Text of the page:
As a father of two boys, I devoted much time with them in the back yard and at the park playing baseball. When I constructed a flower box in the back yard, I also built a pitching mound. Since my boys and I loved baseball, I was delighted to be involved with them not . . . → Read More: Champion Cheaters, by Mark Erickson
2014 World Series Trophy
The triumphs of ancient Rome were something of a victory parade on steroids. Usually celebrated after a major conquest, they were long processions that included captives on display and soldiers of the victorious army marching and singing salacious songs at their leader’s expense. In the midst of the procession, the . . . → Read More: An Established Routine: The 2014 Giants World Series Trophy Tour, by Chuck Strom
Earl Thomas, player of love
Yes, the bandwagon is groaning under the weight of fair-weather fans and long-time Hawks supporters, all clad in their “12” jerseys, caps and T-shirts. I personally am conflicted about wearing a jersey. I have rooted for the Seahawks practically since I moved to Washington state in 1989, but I . . . → Read More: How do you stop a team that intimidates with love? by Claude Iosso
Middle relief pitching is perhaps the least glamorous position in all of sports. Those who make a career of it rarely win lucrative contracts, at least by major league standards, but they can be as crucial to success as anyone else on a baseball team, particularly in October. No one has demonstrated . . . → Read More: Had Them All The Way – Giants Win Game 7, By Chuck Strom
With the World Series underway, I should add one more push to the notion of eliminating the Cleveland Indians’ “Chief Wahoo” logo.
Polls in Ohio have shown a majority of fans have no objection to this caricature – and many of those who do admit its obvious racism still stamp their approval with the . . . → Read More: Chief Wahoo Must Go! By Steve Stav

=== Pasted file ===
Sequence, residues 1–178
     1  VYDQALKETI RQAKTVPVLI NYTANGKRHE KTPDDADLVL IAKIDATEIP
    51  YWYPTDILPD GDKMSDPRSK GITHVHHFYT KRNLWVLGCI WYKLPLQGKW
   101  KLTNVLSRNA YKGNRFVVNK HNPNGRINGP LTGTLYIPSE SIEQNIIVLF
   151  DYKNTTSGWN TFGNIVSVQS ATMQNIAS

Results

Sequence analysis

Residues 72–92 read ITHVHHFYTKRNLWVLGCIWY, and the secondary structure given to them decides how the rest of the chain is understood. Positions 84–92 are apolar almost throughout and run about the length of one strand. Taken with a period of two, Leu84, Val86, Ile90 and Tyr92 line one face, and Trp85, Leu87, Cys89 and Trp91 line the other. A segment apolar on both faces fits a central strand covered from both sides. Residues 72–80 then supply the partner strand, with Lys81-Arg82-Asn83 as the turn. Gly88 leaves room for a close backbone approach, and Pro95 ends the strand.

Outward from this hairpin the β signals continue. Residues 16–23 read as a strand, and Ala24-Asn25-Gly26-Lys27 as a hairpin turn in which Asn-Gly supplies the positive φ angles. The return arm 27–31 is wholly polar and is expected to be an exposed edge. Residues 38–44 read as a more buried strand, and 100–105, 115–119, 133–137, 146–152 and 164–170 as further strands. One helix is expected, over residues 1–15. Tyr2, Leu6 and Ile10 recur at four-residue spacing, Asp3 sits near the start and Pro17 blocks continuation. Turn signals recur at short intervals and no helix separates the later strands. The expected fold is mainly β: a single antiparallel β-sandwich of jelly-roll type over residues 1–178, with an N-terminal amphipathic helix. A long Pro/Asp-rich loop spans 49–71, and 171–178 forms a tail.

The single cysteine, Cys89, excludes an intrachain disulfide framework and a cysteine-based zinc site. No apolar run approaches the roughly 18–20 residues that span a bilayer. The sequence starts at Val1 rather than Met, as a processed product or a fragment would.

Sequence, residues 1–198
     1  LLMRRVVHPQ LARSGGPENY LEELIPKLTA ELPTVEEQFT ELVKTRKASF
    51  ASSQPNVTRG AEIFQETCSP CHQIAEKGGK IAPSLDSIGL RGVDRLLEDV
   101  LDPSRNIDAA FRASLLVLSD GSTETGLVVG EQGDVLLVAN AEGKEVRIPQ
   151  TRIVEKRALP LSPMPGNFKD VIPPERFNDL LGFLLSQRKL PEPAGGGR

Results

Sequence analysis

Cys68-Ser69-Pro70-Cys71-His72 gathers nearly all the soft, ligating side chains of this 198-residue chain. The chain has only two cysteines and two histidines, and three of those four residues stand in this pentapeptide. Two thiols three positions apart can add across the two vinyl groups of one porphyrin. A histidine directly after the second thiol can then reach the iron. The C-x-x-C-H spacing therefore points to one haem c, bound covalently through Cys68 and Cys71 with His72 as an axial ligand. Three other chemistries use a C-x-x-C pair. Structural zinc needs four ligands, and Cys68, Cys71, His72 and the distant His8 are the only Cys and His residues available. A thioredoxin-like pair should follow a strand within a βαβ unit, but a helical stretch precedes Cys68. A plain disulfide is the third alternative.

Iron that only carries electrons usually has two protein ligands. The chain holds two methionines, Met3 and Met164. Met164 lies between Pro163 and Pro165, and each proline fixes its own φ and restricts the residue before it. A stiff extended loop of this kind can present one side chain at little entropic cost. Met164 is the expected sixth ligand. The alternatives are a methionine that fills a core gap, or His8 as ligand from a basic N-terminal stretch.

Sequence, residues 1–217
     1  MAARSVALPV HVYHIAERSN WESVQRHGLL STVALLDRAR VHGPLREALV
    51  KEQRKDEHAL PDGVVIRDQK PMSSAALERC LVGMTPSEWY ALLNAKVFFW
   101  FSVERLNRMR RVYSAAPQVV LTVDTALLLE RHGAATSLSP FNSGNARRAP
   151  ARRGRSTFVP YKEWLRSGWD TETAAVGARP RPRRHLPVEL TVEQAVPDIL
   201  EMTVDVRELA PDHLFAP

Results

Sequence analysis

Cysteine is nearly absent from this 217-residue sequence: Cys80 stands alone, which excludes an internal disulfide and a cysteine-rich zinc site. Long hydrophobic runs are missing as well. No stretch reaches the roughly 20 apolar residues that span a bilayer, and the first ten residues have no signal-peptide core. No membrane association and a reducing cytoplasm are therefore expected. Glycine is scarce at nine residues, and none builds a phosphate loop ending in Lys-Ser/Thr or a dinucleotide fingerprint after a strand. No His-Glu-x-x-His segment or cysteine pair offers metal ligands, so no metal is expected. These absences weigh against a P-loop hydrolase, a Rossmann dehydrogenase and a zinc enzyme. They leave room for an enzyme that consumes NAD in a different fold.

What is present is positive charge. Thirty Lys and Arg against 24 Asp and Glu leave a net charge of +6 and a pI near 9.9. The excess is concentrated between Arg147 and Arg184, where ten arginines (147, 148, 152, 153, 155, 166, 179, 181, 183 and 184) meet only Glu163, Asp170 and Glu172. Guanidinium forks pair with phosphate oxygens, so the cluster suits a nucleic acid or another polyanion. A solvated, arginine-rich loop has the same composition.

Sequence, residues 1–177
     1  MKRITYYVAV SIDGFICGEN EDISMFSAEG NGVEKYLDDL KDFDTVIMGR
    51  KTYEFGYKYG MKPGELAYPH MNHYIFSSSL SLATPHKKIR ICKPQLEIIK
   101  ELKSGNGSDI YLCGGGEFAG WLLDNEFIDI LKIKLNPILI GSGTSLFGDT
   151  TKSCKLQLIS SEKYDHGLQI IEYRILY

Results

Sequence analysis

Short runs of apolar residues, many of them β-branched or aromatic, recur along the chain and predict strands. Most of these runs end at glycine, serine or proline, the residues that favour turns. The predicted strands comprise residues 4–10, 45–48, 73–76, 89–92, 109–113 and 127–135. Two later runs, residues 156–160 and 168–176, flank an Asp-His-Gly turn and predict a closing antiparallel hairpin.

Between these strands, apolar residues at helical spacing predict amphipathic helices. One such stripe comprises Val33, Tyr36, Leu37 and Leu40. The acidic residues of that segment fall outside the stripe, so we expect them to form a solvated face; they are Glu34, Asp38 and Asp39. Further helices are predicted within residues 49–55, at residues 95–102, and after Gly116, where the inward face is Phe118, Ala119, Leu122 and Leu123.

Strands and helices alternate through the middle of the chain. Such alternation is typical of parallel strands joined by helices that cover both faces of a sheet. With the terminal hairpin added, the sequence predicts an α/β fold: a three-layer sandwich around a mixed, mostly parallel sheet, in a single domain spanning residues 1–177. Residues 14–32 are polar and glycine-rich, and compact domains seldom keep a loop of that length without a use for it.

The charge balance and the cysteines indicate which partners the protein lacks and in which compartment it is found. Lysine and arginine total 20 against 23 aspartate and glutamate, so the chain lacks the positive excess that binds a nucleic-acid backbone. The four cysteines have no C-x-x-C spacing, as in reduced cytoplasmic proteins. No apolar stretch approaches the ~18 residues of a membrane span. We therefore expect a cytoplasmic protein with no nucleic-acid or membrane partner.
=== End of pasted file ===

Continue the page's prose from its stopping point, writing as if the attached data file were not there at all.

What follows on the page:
Today is a travel day, and after two games the teams look as evenly matched as I had anticipated. This seems a good time to don my manager’s hat and make some observations.
Madison Bumgarner is the most dominant pitcher still throwing in October. Especially if he faces Royals pitcher James Shields . . . → Read More: The Series Moves to San Francisco: Some Observations, by Chuck Strom
It has been fashionable among San Francisco Giants fans, myself included, to talk about the magic of even-numbered years, as if deep playoff runs were somehow ordained by the ones digit of the annual Christian calendar. Up to now, I had not taken the idea seriously even while repeating it, but with . . . → Read More: The Even-Numbered Magic Continues: Notes on the 2014 World Series, by Chuck Strom
When I grew up, the prospect of seeing the San Francisco Giants play in October seemed outside the scope of reality. In 1971, at the tail end of the Mays-McCovey era, they lost the National League Championship Series to the Pittsburgh Pirates in four games. I was eight years old at the . . . → Read More: Time Again For October Baseball, by Chuck Strom
Charles Pierce is one of the best sportswriters in the business today. He was at PNC Park last night, and he is also right on the money on the NFL.
– Chuck Strom
I’m reading a book right now, Red or Dead, a fictionalized biography of Bill Shankly, the maniacal manager of the Liverpool football team who made it a dynasty in the English soccer league in the ’70s. I believe the Smiths were slamming him in the song “Frankly, Mr. Shankly.” Being from Manchester, which has . . . → Read More: The Smiths – Frankly, Mr. Shankly, by Knute Rimkus